Obama to Make Historic Visit to Cuba

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Barcak Obama and Raul Castro

The restoration of diplomatic relations between Cuba and the United States is widely seen as one of Obama's most important legacies as U.S. president. 

U.S. President Barack Obama will visit Cuba in the coming weeks, a senior administration official said Wednesday, marking the first trip by a sitting president since 1928. 

The trip is being viewed as a means to cement what Obama sees as one of his more important legacies as president: the normalization of relations with Cuba after five decades as enemies.  The trip to Cuba is also sure to have an effect on the ongoing primary race.  

Two of the Republican contenders, Marco Rubio and Ted Cruz, are of Cuban descent and have vocally opposed the Obama administration's efforts at relaxing the illegal, decades-old blockade on Cuba.  Both were quick to condemn Obama's visit.

White House officials are expected to make the announcement Thursday, the visit to Cuba will form part of a broader trip to Latin America.  Obama is also expected to visit Argentina, where right-wing President Mauricio Macri has been eager to warm up to the United States after years of fraught relations between the two countries. 

There is speculation that the timing of Obama's trip to Cuba is meant to coincide with the finalization of the ongoing peace process between the Revolutionary Armed Forces of Colombia, known as the FARC, and the Colombian government of Juan Manuel Santos.  

Negotiations between the FARC and the government have been taking place in Havana, Cuba since 2012 and a final deal is expected in late March.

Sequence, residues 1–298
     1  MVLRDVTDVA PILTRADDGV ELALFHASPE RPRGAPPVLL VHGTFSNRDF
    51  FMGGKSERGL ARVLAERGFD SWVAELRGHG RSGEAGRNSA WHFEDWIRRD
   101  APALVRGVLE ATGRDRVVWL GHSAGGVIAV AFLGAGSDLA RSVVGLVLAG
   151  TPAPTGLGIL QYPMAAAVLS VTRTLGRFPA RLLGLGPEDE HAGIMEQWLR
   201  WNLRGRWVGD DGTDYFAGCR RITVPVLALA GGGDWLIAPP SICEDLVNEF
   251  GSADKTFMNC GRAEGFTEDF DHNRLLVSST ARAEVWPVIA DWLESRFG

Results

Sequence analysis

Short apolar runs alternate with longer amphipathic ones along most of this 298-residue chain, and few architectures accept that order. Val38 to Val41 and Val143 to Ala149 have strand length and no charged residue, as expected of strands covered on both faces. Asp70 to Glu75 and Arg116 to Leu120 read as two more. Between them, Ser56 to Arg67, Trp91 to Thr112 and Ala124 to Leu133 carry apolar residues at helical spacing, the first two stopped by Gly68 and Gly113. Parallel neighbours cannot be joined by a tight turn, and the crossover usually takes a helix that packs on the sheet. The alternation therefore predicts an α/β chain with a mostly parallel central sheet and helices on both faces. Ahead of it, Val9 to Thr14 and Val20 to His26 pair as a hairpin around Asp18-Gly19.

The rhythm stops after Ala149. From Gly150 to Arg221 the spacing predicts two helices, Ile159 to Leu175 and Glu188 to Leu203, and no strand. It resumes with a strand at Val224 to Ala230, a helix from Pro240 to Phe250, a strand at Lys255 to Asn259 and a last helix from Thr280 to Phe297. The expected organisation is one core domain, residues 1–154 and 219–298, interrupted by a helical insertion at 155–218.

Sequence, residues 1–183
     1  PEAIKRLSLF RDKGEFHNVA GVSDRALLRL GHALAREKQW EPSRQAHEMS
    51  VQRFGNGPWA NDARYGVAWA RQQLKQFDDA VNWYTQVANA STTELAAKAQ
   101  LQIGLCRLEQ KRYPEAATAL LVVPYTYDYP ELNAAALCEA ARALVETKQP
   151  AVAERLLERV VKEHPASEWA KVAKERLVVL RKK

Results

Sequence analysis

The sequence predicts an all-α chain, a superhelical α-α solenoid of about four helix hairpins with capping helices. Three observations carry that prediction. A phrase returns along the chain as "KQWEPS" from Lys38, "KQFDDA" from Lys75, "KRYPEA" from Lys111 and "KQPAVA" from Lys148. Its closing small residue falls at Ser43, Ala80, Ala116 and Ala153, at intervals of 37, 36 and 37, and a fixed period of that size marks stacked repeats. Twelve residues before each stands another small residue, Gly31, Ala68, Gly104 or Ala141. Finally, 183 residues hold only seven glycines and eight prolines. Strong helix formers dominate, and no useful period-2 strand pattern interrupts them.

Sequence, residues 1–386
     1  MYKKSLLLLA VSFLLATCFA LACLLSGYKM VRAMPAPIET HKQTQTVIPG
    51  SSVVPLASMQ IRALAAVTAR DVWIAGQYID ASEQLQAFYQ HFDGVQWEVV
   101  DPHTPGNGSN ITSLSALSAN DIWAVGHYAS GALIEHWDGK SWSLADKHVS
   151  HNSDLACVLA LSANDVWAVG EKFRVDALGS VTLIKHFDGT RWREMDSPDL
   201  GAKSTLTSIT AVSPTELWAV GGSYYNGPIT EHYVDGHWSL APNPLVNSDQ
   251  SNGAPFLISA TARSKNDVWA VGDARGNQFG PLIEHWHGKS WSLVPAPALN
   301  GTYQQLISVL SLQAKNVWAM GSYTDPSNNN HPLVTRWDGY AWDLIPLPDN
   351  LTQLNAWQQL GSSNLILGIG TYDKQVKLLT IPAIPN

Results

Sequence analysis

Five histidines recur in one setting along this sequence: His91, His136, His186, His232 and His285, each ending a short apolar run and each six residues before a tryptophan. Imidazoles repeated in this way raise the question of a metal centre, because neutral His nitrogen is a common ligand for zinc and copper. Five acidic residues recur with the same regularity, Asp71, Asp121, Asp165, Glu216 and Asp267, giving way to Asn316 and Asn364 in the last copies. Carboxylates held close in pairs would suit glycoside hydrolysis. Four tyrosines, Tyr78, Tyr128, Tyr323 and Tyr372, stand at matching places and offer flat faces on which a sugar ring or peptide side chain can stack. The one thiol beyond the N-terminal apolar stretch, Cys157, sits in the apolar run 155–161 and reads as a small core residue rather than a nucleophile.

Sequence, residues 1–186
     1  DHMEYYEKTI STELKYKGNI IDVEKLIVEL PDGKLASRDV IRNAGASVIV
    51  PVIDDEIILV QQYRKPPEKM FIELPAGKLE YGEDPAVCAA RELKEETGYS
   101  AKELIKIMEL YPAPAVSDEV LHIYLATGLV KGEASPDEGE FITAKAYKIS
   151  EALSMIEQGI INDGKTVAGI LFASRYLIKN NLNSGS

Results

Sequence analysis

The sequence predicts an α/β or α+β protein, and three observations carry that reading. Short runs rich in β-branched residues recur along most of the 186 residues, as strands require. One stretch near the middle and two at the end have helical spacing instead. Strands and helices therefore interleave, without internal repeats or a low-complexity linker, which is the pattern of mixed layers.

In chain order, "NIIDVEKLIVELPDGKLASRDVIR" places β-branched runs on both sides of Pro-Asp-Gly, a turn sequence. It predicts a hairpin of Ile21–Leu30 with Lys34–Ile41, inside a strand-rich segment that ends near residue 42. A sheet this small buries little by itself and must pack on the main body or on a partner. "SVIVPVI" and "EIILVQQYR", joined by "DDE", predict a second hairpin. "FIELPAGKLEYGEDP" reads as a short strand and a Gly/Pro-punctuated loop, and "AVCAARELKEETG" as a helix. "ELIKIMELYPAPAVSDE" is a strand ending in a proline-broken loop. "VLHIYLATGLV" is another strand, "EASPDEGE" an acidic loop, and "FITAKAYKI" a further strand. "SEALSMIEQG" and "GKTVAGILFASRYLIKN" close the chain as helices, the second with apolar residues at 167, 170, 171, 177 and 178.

It is not known if Obama would participate in any ceremonies should the events overlap. Pope Francis narrowly missed an opportunity to participate in a historic meeting between FARC Commander Timoleon Jimenez and President Juan Manuel Santos during his visit to Cuba in September 2015. 

Santos has praised the support of the Obama administration for the Colombian peace process.  

Colombia and the United States recently announced that Plan Colombia — a multibillion dollar U.S. military aid initiative aimed at ending the communist insurgency — would become “Paz Colombia” or Peace Colombia, with funds destined for post-conflict programs.

The Washington Post reported that should the signing of a final peace deal be delayed, the trip to Cuba would proceed as planned. 

Obama told Yahoo News in December that he hoped to visit Cuba in 2016 but only if enough progress had been made in bilateral relations and he was able to meet with opponents of the Cuban government. 

Cuban officials said they would welcome a visit by the U.S. president but reiterated their longstanding position that Obama should not attempt to interfere in Cuba's internal affairs.   The last and only sitting U.S. president to visit Cuba was Calvin Coolidge in 1928. 

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